Dr. Frawley, We generally see that Islamists and Christians use religion as a political force, they tend to recognise political power whereas most of the Hindus believe that religion and politics should not be mixed up. Hindus also believe that secularism and inherent inclusiveness of Hinduism makes it special. Some people argue that even after centuries of foreign rule we survived because of this soft nature but they forget that once Afghanistan, Indonesia, Myanmar etc were also Hindu. Do you believe this soft nature of Hindus make them easy target for civilisational jihad? Do you feel somehow Hindus are also responsible if they are letting their poor section of society being converted by missionaries?
Even Mongolia was traditionally buddhist, now its getting christianised. There was big Buddhist and Hindu influences in Central Asia. Hindus are tolerant and they allow muslims and christians to convert them. Hindus say all religions are same, Muslims don’t, Christians don’t so it is clearly a one way street. And Muslims and Christians are giving bad image of Hindus. They are constantly making an attempt to take you over. As you asked, of course Hindus are also responsible. Hindus have to challenge missionaries. And they have to be willing to pay for things, to take care of underprivileged section of their society, to help them overcome poverty. Hindus have to be stronger in their expression, their assertion, their identity. In few decades Christain-Islamic alliance will eliminate you, don’t be naive. Christians have formed a multinational conversion business, they have created giant corporations with international connections, with international funding. India is a main country in world which allow missionaries in, China does not. Islamic countries do not. Yet the missionaries are criticizing India and not China or Islamic countries because they have some levarage here. Like in Gujarat the bishop can ask christians to vote, that does’t occur in other countries. That’s a blatant interference in public affairs. These groups are surviving in India because Hindus are tolerant. Hindu society must introspect and resist such forces.
Dr. David Frawley, In India the education system has been long controlled by leftists, most of the history taught to us was distorted, for last 60 years leftist mindset was imposed in academics. When Narendra Modi became Prime Minister it was expected that some course correction will follow. But we can not see any drastic changes yet. The moment government tries to rectify previously committed blunders in academia, national and international media start screaming the song of intolerance. Government is also concerned about its secular image (pseudo-secular) worldwide and this is taken as a leverage by breaking India forces. Will it ever be possible for government to course correct hundreds of years of distortion?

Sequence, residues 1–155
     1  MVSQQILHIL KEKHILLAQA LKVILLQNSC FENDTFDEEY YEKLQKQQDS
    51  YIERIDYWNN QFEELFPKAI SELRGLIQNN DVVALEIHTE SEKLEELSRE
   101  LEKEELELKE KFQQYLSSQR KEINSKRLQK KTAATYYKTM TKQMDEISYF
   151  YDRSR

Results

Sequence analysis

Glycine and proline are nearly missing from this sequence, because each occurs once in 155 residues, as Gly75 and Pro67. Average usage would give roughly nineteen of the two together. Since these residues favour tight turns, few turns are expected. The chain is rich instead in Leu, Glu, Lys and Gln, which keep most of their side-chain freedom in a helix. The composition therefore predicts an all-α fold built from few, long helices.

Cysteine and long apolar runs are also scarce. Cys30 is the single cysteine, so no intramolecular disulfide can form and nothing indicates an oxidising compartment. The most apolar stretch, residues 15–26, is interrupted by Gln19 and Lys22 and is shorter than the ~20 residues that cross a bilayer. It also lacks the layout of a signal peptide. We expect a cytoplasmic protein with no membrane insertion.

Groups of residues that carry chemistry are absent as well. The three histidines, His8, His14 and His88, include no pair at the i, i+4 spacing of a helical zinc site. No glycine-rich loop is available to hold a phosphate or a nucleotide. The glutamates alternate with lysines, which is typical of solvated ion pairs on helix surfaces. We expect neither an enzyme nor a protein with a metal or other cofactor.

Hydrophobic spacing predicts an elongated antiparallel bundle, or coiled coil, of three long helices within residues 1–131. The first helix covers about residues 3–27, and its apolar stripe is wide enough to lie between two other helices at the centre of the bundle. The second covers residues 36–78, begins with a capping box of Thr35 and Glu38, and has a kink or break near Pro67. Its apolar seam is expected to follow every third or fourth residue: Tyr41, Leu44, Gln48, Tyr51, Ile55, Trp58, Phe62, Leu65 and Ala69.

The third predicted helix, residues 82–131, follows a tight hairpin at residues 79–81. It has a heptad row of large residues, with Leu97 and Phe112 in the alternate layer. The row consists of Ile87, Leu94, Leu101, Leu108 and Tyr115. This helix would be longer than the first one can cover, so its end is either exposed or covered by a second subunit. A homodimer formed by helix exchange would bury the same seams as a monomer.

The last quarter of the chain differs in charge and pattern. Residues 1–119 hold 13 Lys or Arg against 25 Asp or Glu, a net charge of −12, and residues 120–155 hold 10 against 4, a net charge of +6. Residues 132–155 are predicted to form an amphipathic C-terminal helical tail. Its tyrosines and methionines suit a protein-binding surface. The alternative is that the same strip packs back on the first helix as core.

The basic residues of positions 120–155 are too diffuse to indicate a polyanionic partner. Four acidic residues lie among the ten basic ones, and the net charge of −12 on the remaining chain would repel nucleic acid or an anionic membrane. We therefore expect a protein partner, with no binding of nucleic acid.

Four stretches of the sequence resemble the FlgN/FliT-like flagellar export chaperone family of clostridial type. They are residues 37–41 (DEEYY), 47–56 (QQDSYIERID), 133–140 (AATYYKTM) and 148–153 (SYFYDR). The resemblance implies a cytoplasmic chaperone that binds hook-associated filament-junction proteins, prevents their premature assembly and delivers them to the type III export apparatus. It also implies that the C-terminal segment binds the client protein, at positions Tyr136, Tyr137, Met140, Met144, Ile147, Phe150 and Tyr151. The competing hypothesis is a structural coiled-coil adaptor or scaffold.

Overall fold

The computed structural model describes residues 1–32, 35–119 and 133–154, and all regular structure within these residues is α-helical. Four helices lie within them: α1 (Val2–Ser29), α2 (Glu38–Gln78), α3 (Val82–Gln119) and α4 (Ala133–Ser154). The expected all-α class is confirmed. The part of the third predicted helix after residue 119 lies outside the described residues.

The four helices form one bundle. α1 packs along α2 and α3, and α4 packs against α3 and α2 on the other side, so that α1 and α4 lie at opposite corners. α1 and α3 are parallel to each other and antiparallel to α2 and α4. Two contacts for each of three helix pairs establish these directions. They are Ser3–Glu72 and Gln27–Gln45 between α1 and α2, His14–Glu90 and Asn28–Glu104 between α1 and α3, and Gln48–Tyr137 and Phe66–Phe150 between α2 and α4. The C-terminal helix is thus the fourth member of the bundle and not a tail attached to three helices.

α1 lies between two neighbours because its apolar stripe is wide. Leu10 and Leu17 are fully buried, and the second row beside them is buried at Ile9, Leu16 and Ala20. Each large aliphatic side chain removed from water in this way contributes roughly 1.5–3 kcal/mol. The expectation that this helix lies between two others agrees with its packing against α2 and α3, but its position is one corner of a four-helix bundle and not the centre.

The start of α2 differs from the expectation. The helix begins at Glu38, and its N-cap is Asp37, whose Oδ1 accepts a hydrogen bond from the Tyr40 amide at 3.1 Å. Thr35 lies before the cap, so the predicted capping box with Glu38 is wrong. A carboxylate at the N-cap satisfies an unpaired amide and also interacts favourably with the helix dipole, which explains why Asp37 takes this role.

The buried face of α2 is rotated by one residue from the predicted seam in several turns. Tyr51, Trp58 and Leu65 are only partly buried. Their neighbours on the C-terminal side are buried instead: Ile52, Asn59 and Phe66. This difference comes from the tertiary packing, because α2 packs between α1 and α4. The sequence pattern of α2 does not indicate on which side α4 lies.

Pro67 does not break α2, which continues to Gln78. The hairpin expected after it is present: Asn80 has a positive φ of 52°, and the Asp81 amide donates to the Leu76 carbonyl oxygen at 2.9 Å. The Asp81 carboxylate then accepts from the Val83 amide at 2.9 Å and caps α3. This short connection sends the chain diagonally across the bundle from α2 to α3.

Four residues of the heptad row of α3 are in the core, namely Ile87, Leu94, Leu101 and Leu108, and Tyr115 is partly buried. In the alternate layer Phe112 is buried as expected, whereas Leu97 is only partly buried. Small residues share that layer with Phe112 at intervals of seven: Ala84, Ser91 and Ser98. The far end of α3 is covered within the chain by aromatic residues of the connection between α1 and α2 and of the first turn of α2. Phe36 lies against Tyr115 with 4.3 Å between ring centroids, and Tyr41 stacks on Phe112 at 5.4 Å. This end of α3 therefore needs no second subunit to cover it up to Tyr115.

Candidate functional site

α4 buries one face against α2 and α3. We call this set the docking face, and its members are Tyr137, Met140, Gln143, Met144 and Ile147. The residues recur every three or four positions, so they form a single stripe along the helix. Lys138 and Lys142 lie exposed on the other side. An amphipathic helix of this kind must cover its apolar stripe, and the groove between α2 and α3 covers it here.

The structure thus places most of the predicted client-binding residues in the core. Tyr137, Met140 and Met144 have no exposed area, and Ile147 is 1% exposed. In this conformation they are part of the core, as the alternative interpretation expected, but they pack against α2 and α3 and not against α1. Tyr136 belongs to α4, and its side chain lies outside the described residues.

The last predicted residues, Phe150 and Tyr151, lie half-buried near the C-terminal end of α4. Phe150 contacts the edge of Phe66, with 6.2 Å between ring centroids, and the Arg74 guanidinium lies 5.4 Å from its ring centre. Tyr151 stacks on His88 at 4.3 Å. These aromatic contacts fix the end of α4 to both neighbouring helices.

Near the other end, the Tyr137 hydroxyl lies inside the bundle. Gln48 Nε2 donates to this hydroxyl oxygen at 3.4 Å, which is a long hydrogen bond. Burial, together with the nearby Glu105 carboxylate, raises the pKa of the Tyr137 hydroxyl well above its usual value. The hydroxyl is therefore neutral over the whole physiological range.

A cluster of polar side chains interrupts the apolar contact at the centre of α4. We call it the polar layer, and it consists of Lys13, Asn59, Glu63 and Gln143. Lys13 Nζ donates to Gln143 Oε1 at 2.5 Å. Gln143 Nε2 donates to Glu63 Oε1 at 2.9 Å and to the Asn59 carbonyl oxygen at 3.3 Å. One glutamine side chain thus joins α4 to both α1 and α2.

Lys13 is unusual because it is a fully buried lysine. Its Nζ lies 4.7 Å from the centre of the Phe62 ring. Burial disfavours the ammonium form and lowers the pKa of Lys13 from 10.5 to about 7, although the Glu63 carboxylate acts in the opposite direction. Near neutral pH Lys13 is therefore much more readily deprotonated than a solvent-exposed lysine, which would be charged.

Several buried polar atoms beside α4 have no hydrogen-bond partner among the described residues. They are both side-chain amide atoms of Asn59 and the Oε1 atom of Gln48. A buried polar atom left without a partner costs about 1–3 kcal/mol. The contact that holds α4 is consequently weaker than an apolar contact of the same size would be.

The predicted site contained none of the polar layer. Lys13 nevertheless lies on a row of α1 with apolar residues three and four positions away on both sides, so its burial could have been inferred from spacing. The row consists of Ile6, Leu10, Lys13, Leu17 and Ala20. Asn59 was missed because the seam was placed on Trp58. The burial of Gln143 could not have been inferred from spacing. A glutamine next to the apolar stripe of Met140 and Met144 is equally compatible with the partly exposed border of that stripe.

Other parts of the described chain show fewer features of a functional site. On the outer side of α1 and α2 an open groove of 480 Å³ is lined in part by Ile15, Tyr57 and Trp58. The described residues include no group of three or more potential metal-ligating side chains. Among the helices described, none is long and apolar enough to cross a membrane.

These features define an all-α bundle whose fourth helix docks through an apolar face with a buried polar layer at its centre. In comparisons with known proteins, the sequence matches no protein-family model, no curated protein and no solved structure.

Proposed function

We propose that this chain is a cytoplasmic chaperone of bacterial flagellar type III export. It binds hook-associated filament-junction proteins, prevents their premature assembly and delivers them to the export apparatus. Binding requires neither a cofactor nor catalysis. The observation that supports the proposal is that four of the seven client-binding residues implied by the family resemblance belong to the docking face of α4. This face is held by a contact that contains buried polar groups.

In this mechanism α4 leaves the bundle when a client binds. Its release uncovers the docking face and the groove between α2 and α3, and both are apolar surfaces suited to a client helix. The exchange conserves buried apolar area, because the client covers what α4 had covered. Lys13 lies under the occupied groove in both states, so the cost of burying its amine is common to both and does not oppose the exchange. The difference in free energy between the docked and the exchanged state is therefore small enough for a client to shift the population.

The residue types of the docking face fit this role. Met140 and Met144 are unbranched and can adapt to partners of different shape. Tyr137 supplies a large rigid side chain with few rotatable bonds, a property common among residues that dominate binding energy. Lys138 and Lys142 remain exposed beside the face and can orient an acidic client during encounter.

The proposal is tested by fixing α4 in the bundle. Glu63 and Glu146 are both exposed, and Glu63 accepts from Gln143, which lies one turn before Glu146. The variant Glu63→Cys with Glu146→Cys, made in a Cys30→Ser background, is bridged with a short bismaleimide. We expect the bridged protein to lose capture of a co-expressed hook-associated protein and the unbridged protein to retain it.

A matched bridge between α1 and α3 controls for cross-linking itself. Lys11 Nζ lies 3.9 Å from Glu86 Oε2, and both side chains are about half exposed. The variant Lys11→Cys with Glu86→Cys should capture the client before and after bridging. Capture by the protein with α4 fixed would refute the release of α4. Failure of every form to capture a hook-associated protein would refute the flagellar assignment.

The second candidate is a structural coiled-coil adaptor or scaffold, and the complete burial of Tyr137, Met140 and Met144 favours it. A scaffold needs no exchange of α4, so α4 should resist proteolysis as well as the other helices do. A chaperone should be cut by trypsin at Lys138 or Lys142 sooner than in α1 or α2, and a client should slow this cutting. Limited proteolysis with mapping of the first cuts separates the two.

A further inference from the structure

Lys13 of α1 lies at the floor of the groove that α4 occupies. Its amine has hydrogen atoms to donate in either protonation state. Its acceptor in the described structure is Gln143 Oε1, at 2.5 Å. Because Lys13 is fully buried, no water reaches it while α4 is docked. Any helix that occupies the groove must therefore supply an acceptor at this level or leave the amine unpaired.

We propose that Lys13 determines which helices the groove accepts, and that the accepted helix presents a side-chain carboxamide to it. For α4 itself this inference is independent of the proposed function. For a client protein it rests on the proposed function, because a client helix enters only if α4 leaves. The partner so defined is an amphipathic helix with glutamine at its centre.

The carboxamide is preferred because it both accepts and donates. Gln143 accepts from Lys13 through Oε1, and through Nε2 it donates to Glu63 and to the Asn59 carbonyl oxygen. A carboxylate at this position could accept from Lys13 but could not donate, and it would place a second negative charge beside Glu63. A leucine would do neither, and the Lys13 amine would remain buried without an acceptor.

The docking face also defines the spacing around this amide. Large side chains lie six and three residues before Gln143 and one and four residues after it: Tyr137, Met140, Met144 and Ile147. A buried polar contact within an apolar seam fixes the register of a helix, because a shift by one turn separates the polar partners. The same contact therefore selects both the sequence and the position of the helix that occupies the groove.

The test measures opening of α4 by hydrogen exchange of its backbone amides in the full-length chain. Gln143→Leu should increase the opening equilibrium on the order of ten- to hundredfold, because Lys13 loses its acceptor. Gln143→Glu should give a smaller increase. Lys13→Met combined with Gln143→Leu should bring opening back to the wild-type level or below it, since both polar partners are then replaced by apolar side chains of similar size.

Yeah, but that takes a little bit of time. And when this govt came in power, the previous Congress government bankrupted all the institutions. There was no money to run the country. There was corruption everywhere. So even keeping the country afloat was difficult. Then they have ruined all the international status, economically and politically. So naturally it takes time, which is going to take good 10 years at least. So its important that Hindus continue to apply pressure but the first thing is you have to stay in power. And secondly you have to workout things bit by bit, and many of these problems have various related complications. Make sure to increase the political power. For example when Yogi Adityanath took charge in Uttar Pradesh that radically changed the situation in U.P. So changes are going on, for example in Madhya Pradesh they are starting Adi Shankara Yatra. Also, Hindus have to educate their own children, you can’t wait for schools to tell your child what Hinduism is. For Christians and for Muslims religion is simplistic, believe in Jesus and Bible and you are a Christian, believe in Mohammad and Quran and you are Muslim, the Hindu tradition is one of Sadhana and practice, its about becoming a better person, so that requires more effort. We must understand that Hindu Dharma has a much broader view of life. Islam is growing by reproduction, not by thoughts. Christianity is declining in Europe and united States, churches have to import priests from India to give sermons.
People say India is the first home of Dr. David Frawley. You have been coming to India for so many years, writing about Hinduism, Ayurveda & Yoga and Indian culture & civilisation. What was your transition point towards Hinduism and how your love for India grew over time?